The cabinet of the invention has the particular virtue that the outer housing, which replaces the prior art external cladding, contributes to the strength and rigidity of the cabinet whilst completely enclosing the lead shielding. Furthermore the outer housing comprises an unitary shell for the lead shielding, and can maintain the shielding in place in the event of, for example, a failure of means attaching the shielding to the inner housing. The shielding is preferably restrained by inwardly protruding bosses of the outer housing. The number of fasteners for the cabinet is substantially reduced over the prior construction because separate infill and cladding panels are not required, and the weight of the cabinet is also substantially reduced.
The inner housing comprises a load bearing enclosure capable of supporting components at any location; such a cabinet is accordingly adaptable to many internal configurations of components, and can be re-used in the case of an alternative configuration without adapter plates and the like.
An x-ray inspection device comprises an x-ray source from which an x-ray beam is emitted, and an image intensifier which receives the beam and causes an image to be formed. An object placed between the source and the intensifier may absorb x-rays, and cause a shadow to appear as the image. By moving the object and intensifier relative to the source, the image may be magnified. A video camera provides real time display of the image on a monitor external to the inspection device.
The object may be placed on a manipulator movable in the X, Y and Z axes, and the intensifier is typically placed on the Z axis in line with the x-ray beam. Such an arrangement permits the object to be moved along the Z axis towards and away from the source, and traversed in the X Y plane. Devices for moving a manipulator in the desired three axes are known.
It would be useful to be able to inspect an object other than along the Z axis, and the present invention provides a compact and relatively simple solution to this requirement.
According to a second aspect of the invention, a movable support of an x-ray inspection device comprises a planar frame, a primary carriage mounted on the frame and movable in the plane of the frame from side to side in a first direction, and drive means to move the carriage with respect to the frame, wherein the carriage is pivotable in said plane about an axis perpendicular to said first direction.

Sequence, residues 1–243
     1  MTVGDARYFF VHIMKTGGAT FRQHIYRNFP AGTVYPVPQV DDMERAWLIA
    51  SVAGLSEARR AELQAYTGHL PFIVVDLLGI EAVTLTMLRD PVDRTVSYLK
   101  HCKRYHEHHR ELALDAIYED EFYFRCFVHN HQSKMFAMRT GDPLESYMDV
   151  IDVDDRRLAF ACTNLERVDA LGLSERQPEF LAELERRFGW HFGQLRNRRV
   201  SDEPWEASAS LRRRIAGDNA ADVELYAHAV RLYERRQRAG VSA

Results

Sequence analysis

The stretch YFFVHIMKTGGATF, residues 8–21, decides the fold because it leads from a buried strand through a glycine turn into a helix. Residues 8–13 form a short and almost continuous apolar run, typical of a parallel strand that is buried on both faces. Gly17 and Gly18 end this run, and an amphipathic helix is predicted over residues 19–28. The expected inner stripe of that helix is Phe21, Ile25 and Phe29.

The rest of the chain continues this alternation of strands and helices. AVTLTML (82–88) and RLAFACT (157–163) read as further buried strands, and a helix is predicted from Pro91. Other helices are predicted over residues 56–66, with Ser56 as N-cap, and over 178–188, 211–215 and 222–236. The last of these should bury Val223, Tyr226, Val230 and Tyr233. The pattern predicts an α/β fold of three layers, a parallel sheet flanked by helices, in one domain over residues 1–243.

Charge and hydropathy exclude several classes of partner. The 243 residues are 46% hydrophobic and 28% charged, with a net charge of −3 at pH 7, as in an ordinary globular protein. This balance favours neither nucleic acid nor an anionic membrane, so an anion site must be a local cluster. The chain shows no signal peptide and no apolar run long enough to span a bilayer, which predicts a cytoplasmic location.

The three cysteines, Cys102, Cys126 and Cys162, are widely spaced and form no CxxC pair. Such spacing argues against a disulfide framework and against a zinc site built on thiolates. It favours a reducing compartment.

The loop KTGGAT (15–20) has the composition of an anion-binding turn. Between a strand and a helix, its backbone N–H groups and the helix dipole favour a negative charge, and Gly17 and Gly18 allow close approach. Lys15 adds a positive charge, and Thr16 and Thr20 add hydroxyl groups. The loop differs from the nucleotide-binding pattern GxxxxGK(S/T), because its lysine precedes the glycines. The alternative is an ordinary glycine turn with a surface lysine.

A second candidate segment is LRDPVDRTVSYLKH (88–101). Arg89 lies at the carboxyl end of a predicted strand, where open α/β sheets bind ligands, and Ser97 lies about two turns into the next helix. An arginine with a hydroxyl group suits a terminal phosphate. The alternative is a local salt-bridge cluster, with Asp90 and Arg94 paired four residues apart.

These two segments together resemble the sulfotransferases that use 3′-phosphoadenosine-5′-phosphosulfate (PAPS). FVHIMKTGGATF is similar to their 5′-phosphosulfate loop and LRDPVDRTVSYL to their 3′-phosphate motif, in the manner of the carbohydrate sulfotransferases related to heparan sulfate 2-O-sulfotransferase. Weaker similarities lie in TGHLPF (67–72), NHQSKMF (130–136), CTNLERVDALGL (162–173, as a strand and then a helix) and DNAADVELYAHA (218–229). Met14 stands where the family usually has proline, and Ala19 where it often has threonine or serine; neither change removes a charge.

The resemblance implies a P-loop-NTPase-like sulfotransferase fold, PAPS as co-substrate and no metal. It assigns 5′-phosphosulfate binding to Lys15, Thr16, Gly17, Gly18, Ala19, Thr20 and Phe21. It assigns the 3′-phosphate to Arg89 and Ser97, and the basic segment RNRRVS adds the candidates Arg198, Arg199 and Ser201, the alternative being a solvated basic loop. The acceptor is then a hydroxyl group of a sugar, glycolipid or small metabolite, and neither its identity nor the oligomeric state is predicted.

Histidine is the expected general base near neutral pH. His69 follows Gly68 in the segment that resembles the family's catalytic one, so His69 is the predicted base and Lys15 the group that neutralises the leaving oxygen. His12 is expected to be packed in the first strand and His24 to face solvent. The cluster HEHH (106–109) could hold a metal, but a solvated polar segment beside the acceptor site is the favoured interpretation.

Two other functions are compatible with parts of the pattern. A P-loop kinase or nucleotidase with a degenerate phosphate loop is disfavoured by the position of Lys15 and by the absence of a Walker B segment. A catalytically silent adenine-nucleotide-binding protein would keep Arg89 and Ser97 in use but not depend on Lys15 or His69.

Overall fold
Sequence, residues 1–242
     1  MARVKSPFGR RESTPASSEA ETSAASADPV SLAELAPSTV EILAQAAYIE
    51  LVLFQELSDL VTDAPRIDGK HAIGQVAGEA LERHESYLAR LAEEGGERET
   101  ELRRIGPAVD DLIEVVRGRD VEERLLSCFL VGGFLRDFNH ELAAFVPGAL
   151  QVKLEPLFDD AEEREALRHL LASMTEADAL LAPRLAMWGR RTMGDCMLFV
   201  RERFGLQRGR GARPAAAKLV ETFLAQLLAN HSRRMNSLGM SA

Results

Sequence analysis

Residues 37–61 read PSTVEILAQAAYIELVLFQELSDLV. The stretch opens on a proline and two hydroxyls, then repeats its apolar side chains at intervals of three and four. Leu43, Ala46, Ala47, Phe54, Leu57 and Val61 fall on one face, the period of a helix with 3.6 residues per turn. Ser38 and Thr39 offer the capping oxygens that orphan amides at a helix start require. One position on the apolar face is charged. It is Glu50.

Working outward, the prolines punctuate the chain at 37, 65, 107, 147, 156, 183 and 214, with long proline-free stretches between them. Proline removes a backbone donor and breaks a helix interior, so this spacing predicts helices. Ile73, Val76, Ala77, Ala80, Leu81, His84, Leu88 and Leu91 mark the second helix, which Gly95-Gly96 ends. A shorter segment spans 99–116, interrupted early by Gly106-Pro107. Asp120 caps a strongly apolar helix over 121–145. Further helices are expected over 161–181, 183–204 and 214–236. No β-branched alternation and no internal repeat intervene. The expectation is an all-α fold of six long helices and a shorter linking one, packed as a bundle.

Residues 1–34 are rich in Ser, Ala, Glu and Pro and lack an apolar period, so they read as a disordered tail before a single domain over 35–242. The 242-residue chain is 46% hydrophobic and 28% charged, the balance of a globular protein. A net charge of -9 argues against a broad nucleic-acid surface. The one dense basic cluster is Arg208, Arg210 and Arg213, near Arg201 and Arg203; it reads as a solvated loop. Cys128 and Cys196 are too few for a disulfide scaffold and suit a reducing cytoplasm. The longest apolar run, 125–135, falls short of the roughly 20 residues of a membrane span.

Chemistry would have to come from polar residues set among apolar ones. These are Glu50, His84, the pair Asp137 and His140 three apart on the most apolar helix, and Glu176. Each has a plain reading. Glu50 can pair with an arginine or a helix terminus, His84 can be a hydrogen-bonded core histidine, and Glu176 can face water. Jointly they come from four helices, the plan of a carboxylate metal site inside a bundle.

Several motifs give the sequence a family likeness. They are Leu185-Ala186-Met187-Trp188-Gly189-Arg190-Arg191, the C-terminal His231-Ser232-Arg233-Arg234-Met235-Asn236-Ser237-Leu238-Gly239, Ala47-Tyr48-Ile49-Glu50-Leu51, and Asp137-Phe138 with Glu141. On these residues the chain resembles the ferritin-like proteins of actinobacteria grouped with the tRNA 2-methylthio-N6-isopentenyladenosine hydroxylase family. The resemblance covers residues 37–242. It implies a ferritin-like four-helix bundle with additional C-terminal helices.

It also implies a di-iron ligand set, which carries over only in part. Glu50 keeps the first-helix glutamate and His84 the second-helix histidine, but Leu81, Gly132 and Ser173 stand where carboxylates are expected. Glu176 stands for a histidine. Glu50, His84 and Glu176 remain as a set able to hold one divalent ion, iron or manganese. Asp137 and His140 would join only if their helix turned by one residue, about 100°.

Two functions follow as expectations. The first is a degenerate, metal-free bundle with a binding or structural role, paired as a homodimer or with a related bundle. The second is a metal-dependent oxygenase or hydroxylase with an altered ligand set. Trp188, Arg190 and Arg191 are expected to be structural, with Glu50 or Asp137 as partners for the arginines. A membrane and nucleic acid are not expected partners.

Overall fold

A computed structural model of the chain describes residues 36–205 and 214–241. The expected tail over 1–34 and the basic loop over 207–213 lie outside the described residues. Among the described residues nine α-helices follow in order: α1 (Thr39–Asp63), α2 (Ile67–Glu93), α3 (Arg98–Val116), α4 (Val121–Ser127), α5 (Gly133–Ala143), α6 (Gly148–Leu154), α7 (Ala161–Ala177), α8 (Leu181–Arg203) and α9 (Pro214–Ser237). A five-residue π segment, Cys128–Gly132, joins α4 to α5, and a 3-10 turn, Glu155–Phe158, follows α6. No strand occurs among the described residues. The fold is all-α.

Such an arrangement permits an image intensifier to be mounted on the carriage and be tilted towards a relatively fixed x-ray source as the carriage moves sideways in the frame away from nominal position.
Thus, in the nominal position an x-ray source and an image intensifier are aligned on the Z axis with an object therebetween. By moving the intensifier sideways, and tilting it towards the source, the object may be viewed at an angle, so permitting non-perpendicular inspection at e.g. up to 45°. The object may also be moved sideways in order that the image of a particular feature is in the centre of the field of view, and the object may be moved towards or away from the intensifier in order to change magnification.
Preferably the carriage is pivotable on both sides of the nominal position so as to permit inspection at ±45°, In a preferred embodiment the primary carriage is itself mounted on a secondary carriage which permits tilting in a plane at right angles to the tilting plane of the primary carriage. This arrangement permits all round viewing of an object
In an alternative embodiment, the carriage is movable linearly, and is tiltable so as to permit inspection at 0-45°, and a rotary table is provided on the manipulator to support an object. This arrangement also permits all round viewing of an object by rotating the table by up to 360° so that the object is in the line of sight of the image intensifier.
The carriages and manipulator are preferably servo controlled to ensure precise alignment. The rotary table, where provided, is also preferably servo controlled in order to ensure a precise angular displacement from the datum position.
In the preferred embodiment the or each carriage is mounted on upper and lower linear bearings extending across the frame, and is driven in a manner which ensures higher relative velocity in one bearing than the other, preferably by toothed belt drive. This arrangement ensures precise pivoting with respect to the nominal (vertical) position, and ensures that the intensifier axis remains centred.